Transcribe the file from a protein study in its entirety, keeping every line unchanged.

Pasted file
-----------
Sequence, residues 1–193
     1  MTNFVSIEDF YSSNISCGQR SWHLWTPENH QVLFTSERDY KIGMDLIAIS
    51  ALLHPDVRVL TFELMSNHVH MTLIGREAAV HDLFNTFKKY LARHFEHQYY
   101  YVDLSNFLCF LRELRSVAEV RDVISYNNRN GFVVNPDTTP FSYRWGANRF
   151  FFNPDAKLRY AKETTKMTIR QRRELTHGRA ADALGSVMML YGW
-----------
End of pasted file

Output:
Sequence, residues 1–193
     1  MTNFVSIEDF YSSNISCGQR SWHLWTPENH QVLFTSERDY KIGMDLIAIS
    51  ALLHPDVRVL TFELMSNHVH MTLIGREAAV HDLFNTFKKY LARHFEHQYY
   101  YVDLSNFLCF LRELRSVAEV RDVISYNNRN GFVVNPDTTP FSYRWGANRF
   151  FFNPDAKLRY AKETTKMTIR QRRELTHGRA ADALGSVMML YGW